The days of chia seeds only being famous as green hair on terra cotta planters are over. Today, they’re famous for a much more important reason: dessert. Or breakfast. Or snacks. Really, chia seeds can be made into a delicious meal that is not just guilt-free, but incredibly nutritious as well.
These tiny little black seeds are a fantastic source of insoluble fiber, healthy fat, and protein. They’re also very versatile, which means you can work them into almost any meal you’d like to add extra nutrition.
So can you eat chia seeds dry? While you can eat chia seeds dry, it might cause you some gastric distress. There are many alternatives, more delicious ways to eat your chia seeds, such as soaking them and baking them. This article goes in-depth on all of them.
What Are Chia Seeds
Chia seeds are, oddly enough, related to mint even though they taste nothing like that flavorful plant. In fact, chia seeds taste like nothing at all. They’re flavorless, but they do have a very distinct texture.
Depending on how long they’re soaked, there will be a tiny crunch surrounded by a gelatinous sphere. In a large serving, the texture is much more noticeable, similar to tapioca or bubble tea.
They’re native to Mexico and were a diet staple of ancient cultures like the Mayans and Aztecs. Lately, they’ve hit the “superfood” scene and are now quite mainstream in their popularity.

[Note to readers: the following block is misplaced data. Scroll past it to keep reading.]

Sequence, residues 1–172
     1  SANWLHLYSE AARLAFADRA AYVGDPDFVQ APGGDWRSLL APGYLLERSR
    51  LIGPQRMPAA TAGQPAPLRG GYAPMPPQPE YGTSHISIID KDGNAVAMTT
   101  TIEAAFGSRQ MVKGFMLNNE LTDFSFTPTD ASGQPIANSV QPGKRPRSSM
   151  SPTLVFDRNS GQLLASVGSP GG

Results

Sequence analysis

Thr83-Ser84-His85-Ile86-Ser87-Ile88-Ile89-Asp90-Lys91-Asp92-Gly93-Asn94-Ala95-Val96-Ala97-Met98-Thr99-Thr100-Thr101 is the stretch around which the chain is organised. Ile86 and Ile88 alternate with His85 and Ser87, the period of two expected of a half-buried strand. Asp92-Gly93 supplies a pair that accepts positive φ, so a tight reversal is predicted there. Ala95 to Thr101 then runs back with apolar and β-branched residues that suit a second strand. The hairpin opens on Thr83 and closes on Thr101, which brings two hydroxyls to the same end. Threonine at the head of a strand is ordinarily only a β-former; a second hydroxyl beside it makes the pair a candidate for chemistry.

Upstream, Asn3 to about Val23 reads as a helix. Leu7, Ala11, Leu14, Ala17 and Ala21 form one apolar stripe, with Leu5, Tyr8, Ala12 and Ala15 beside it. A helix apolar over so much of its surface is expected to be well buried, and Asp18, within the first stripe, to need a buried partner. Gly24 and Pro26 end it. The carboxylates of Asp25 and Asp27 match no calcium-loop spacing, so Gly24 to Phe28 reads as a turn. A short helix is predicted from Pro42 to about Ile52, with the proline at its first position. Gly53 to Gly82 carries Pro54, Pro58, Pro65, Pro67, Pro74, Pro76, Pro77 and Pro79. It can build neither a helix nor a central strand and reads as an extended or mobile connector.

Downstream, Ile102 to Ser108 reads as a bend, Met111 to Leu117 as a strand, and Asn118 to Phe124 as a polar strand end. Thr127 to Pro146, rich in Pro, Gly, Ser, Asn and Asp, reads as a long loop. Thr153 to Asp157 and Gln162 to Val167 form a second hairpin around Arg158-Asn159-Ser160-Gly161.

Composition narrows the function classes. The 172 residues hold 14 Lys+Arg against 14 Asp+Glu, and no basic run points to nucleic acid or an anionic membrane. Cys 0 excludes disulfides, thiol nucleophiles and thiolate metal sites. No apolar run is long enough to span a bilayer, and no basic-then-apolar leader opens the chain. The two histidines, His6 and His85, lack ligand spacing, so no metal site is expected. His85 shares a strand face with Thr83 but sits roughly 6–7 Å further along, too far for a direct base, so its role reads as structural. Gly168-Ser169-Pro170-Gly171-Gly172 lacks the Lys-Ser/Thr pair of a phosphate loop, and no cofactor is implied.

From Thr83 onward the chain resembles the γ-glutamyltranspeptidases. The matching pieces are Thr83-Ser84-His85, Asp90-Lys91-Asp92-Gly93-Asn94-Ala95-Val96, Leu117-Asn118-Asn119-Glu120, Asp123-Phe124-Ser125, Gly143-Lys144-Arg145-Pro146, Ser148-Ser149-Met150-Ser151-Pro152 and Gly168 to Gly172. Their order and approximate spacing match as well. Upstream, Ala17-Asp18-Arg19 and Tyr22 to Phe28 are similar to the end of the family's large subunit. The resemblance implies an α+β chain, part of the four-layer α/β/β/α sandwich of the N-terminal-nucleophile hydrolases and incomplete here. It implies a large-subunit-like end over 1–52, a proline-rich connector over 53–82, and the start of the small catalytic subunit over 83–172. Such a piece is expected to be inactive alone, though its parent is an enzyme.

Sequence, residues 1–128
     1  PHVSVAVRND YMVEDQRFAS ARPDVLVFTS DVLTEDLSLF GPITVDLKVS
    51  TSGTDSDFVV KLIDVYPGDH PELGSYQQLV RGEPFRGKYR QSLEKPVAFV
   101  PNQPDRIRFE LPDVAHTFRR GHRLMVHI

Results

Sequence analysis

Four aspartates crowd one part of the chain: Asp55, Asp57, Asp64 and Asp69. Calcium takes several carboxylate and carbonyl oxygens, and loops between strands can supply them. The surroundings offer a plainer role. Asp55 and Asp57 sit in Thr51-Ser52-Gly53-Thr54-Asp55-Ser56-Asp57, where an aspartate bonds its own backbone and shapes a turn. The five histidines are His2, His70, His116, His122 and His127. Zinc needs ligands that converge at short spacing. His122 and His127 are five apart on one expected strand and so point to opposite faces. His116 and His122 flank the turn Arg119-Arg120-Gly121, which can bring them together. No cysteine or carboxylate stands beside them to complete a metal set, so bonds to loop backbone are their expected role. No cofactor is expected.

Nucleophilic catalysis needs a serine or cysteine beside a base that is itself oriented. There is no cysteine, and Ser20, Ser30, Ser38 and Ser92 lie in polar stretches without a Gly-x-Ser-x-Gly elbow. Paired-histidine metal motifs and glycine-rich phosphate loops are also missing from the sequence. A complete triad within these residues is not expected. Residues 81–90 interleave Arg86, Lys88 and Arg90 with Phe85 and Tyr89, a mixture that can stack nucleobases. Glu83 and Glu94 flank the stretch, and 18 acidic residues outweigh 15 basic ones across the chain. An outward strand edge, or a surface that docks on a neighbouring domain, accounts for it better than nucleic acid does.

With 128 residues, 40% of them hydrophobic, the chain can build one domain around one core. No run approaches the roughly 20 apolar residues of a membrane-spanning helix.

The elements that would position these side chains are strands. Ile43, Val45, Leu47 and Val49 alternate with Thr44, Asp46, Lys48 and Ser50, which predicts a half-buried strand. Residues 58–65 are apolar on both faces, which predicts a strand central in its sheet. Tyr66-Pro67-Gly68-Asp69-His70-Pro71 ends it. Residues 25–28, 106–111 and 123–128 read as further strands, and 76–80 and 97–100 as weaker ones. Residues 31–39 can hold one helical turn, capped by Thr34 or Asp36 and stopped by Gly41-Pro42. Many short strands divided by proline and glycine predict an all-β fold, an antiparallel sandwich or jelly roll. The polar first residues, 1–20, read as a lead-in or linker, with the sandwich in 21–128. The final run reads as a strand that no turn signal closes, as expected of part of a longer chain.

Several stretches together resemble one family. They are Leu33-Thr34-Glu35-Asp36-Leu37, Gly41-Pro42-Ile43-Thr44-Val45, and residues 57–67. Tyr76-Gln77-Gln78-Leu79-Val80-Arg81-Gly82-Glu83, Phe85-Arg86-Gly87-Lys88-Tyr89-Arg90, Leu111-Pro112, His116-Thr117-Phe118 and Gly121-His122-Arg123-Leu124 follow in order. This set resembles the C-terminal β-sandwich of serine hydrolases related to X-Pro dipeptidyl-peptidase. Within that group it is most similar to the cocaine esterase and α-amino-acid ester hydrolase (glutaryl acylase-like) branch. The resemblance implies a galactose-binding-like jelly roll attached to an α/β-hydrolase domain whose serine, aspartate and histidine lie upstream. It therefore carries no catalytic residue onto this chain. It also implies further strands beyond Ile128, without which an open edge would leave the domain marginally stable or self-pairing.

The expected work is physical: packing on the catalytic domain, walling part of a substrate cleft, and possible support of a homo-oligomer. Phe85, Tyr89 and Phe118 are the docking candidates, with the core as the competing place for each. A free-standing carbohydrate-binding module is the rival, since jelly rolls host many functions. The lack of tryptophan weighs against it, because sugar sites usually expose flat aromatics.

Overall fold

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Health Benefits of Chia Seeds
Chia seeds’ nutrition data profile is quite impressive. They are most well known for their high fiber, high protein and high levels of healthy, essential polyunsaturated fats.
They’re also a fantastic source of calcium, magnesium, and iron, all of which are crucial for health. Zinc, copper, manganese, and niacin can also be found in chia seeds, but in smaller levels.
These seeds are highly popular in plant-based diets like vegan and vegetarian because they help replace a lot of vitamins and minerals that are generally consumed through animal products.
That being said, they are so versatile and powerful, they should become a staple in every eater’s diet. That means you, and everyone else on this earth as well.
How to Eat Chia Seeds for Weight Loss
A lot of people look to chia seeds as a miracle weight loss solution and for good reason: depending on the current state of your diet, swapping certain food items for chia seeds can help you lose weight. But there’s a lot more to the equation.
While most people are worried about whether they’re eating too much or too little protein or fat, very few people are paying attention to how much fiber they’re consuming. The result is that more than 90% of Americans are fiber deficit.
Adequate fiber intake reduces your risk for nearly every chronic disease, including heart disease, diabetes, and even cancer. It also helps manage weight.